by Camillo De Marco
- Luca Ferri visited a retired Bergamo film-lover at his home every week for a year and filmed it on VHS while he talked about how he spent his days
In a cinematic universe full of superheroes (there are at least 25 in Avengers: Infinity War), it only seems fitting to narrate the exploits of the ‘super-normal’ among us, which is exactly what Luca Ferri does in Pierino [+see also:
film profile], screened as a special event at the Bergamo Film Meeting 2019, after stopping off at Dok Leipzig last November. ‘Pierino’ refers to Pierino Aceti, a 65-year-old pensioner from Bergamo with two specific characteristics: meticulousness and a passion for cinema. ‘Yesterday I went to see Godard's Contempt, which has finally been restored,’ says Pierino to the director. ‘Carlo Ponti, the film’s Italian co-producer has changed the colours, the music – from Georges Delerue to Piero Piccioni – he also cut a few of the nude scenes of Brigitte Bardot, who is a very good actress I might add. Essentially, the films lasted 88 minutes instead of 103!’
But it’s not just Pierino who is meticulousness. For fifty-two Thursdays, a whole year, the director visited the pensioner's home from 10.30am to 11.30am to ask him the same question, ‘What did you do this week?’ We hear snippets of his private life, with the months marked on a ‘Peanuts’ calendar that Pierino keeps in the kitchen, ‘It took 39 minutes from here to the cemetery. I said hello to seven relatives, my mother, my cousins, and the barber.’ Moments of cinephilia that represent pure passion, despite Pierino's meticulousness being somewhat relentless, “I read a cinema magazine listing the birthdays of various actors and directors, but it included so many mistakes. Isabelle Huppert was born in 1955, not 1953. The same year as Isabelle Adjani!’ Pierino has listed all the films he’s seen in a notebook, dividing them into three categories: ‘must-sees,’ ‘recommended’ and ‘not recommended.’ He has been doing so since 1973, when he was just twenty years old. Pierino would fit in well as one of the inhabitants of Number 11 on the imaginary Parisian Rue Simon-Crubellier in Georges Perec’s immense novel Life: A User’s Manual.In its own small way, Pierino also captures ‘the feeling of today that is made from accumulations of the past and the vertigo of the void,’ as Italo Calvino once wrote in his Six Memos for the Next Millennium, in which he touches onPerec's book. Irony and anguish, the pursuit of a certain project and the immeasurability of poetry all become one.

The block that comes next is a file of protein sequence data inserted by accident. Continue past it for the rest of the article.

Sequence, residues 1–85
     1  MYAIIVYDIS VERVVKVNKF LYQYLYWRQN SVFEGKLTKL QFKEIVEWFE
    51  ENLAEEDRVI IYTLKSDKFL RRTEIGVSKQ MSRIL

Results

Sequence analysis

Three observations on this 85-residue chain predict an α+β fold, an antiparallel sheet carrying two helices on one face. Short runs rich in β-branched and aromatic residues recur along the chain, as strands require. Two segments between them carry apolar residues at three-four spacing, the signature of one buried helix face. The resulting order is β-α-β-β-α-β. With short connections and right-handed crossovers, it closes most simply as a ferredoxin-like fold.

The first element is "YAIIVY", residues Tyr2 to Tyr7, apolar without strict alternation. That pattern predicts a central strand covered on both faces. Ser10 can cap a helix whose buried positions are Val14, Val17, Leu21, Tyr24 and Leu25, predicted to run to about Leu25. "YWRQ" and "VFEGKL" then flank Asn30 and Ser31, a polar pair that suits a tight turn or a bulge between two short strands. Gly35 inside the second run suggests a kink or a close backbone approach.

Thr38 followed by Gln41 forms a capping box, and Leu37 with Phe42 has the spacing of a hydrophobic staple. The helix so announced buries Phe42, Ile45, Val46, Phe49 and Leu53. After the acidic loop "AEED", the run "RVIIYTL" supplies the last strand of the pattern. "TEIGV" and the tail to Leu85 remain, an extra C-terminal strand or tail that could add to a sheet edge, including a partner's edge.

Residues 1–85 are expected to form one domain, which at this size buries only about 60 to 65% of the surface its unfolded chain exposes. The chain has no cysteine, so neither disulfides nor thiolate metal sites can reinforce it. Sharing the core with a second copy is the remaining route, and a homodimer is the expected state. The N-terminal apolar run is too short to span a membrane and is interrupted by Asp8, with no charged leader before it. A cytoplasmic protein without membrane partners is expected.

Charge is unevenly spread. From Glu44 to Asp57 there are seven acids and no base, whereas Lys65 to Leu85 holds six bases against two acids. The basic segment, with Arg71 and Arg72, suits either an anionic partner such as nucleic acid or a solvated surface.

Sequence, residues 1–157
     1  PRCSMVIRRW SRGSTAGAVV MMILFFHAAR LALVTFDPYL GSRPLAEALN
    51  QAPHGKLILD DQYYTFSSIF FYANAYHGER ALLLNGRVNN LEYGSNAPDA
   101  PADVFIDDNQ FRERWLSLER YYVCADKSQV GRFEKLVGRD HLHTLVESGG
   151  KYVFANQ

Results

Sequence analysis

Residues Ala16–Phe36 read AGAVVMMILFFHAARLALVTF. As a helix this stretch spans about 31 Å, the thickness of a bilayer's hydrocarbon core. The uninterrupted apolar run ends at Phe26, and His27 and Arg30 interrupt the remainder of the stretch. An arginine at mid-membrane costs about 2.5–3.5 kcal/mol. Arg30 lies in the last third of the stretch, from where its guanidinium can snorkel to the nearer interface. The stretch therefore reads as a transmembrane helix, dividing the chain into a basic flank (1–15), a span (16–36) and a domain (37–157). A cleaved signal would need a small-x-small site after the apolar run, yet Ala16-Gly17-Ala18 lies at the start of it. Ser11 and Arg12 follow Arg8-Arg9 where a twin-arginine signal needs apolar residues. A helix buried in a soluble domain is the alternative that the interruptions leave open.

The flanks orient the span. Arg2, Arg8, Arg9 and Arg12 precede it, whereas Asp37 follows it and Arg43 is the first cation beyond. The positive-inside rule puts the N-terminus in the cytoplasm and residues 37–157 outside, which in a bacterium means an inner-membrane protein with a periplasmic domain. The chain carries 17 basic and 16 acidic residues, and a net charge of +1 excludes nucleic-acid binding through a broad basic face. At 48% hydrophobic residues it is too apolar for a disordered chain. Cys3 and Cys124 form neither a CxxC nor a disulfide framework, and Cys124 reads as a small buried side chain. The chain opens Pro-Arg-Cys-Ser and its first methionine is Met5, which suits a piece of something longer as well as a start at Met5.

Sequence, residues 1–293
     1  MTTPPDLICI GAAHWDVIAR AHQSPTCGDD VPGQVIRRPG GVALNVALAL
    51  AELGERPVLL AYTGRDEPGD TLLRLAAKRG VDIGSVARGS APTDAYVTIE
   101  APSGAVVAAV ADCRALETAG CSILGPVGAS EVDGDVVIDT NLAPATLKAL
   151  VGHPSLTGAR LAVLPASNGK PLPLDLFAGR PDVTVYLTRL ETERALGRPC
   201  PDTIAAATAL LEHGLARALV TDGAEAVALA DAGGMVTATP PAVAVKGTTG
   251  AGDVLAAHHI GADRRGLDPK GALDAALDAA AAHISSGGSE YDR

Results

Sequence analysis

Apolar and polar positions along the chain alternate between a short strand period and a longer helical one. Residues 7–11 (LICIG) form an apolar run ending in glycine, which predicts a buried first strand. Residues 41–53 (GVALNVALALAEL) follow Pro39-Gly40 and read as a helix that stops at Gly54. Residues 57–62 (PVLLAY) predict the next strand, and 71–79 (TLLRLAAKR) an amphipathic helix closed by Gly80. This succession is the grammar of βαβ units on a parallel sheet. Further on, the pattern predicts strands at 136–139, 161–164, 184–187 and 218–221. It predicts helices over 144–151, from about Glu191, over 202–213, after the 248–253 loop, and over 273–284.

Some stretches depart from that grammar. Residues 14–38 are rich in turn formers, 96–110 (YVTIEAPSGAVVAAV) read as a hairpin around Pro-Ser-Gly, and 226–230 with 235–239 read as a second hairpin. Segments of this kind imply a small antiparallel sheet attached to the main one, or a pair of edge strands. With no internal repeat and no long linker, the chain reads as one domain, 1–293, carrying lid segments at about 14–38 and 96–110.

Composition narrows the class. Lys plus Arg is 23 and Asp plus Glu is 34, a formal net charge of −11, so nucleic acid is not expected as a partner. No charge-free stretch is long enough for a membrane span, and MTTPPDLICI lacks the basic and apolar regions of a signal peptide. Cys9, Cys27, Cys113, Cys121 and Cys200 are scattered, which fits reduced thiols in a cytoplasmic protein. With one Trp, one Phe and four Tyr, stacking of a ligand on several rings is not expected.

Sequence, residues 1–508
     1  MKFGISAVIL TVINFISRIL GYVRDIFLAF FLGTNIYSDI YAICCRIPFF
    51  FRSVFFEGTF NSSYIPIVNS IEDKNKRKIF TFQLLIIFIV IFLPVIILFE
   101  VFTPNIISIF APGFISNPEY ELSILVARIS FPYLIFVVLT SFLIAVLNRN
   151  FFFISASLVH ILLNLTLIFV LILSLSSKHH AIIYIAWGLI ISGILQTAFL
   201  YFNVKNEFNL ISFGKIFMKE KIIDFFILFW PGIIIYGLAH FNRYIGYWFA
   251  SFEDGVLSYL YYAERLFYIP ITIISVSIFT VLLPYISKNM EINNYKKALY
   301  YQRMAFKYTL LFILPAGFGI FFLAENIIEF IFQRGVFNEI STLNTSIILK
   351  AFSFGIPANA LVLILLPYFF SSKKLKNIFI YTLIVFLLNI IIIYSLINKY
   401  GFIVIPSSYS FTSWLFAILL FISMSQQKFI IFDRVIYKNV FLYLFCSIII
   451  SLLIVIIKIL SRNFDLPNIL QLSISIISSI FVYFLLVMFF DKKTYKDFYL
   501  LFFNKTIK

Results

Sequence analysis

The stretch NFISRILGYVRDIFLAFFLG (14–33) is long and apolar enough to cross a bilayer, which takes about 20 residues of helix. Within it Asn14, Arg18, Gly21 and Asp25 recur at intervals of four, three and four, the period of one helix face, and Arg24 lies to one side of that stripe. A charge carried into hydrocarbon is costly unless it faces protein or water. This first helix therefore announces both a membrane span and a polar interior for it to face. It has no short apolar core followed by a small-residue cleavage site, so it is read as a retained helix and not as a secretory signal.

Luca Ferri’s decidedly experimental but coherent stylistic choice is striking, having shot Pierino on a VHS with an old film camera, in homage to Mr. Aceti's cinephilia, who has a vast collection of films on VHS. ‘We couldn’t shoot the film any other way while maintaining a coherent fusion of form and content,’ writes the director, whose first feature Abacuc, released in 2015, was screened at Torino Film Festival and the Festival de Mar del Plata. While his second film Colombi was screened in the Orizzonti section at the 73rd Venice Film Festival and his latest film Dulcinea [+see also:
film profile], was selected at the 71st Locarno Film Festival in the Signs of Life competition section.
Pierino, which was produced by the director with Andrea Zanoli for Lab 80 film (also due to distribute the film in Italy), is part of a ‘domestic’ trilogy that started with Dulcinea. The third instalment in the trilogy will be entitled La casa dell'amore. Three films shot in different small domestic settings and in three completely different formats. 16mm for Dulcinea, VHS for Pierino and digital for La casa dell'amore.
(Translated from Italian)
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